Woman in a state of dysphoria

dysphoria  (noun)  A state of unease

* * *

I’m on the tram, entering Melbourne from the southern suburbs, coming up to the intersection of Flinders and Swanston streets, when it hits.

Bonds – the Australian underwear brand – has gone for complete saturation in its ‘100 Years of …’ campaign. There are smaller ads behind the benches at the tram stop (‘100 years of bums’), there’s a larger one appearing periodically in the electric signboard wrapped around Young and Jackson on the corner (‘100 years of wow’), and finally there’s the huge billboard topping them all: ‘100 years of babes’. Babes.

Bonds 100 Years of babes editWhat kind of make-me-puke, patronising language is that?

That this particular ad happens to include a couple of men, not just women, doesn’t really improve things. In fact, it could hardly be a more perfect illustration of a straight-up split between your bog-standard masculinity and femininity. The boys are muscular, they’re wearing more clothes and they look ready to jump in and ‘drive’ … whatever it is that needs driving. The girls are very slender, they’re exposing more skin, and by their looks and postures, they’re communicating they’re probably OK with not driving right now. I’m sure somewhere in their real lives they’re as ready to drive as the next person; they just aren’t being encouraged to communicate that right now.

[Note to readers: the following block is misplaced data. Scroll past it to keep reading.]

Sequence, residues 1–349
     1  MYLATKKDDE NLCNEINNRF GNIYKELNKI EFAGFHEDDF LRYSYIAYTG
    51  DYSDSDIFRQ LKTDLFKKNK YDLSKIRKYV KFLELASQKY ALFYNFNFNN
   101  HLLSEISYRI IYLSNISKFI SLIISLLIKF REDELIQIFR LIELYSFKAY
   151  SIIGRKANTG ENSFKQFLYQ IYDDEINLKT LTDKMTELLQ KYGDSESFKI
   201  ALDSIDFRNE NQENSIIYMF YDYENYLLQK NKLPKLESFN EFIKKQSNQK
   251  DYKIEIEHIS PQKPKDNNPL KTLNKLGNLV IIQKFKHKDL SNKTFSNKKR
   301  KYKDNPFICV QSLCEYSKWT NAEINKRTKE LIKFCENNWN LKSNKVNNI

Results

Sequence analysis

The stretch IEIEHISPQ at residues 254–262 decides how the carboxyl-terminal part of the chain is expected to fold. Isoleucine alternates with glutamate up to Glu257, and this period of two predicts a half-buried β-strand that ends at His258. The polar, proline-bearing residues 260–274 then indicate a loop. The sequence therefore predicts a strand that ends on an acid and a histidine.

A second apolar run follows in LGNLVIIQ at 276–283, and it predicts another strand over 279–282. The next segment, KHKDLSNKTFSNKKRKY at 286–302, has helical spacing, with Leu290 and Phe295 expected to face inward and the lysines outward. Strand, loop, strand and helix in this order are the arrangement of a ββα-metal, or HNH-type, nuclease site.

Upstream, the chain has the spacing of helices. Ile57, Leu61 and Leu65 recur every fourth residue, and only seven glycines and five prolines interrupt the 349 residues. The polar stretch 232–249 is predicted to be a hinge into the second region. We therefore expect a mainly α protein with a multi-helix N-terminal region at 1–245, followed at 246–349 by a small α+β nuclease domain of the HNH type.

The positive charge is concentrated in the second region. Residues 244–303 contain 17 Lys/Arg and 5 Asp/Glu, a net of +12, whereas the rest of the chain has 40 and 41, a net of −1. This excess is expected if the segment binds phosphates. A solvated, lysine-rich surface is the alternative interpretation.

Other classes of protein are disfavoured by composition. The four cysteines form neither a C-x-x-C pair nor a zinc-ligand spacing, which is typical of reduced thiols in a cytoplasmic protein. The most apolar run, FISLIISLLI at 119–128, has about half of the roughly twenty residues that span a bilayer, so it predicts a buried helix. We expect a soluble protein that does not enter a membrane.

Don’t get me wrong. I know it’s all meant in good fun. And don’t think it’s the amount of skin being shown that’s getting to me, either. As underwear goes, Bonds is pretty innocuous.

What’s getting to me is seeing my own kind perpetually represented as utter boobs. And this – layer upon layer of ads, in the very heart of the city – amplifies the effect a hundredfold.

As if that weren’t enough, L’Oréal is presenting a campaign on the other side of the tram stop. ‘ColourRicheMakesMe …’ More pouty faces – passive, ever-promising.

L'Oreal tram edit

Seriously! Are they for real?

Of course, no one takes ads literally, least of all the people who create them. Everyone knows they are about brand recognition and persuading people to buy stuff. Everyone recognises the tricks of the trade, the game that’s being played. I mean: don’t they?

Yet behind all the strategies, all the noise of advertising, is one mammoth deceit: that to respond to the choices they present is an exercise in genuine power. Those whispery, distracting choices that are not so much about briefs or boyleg, orange fever or silky toffee, as they are about opt in or drop out

And it is that opt in or drop out message that gets us in the gut, that haunts so many of us every time we think about what our life might be and how we’re supposed to set about making it happen.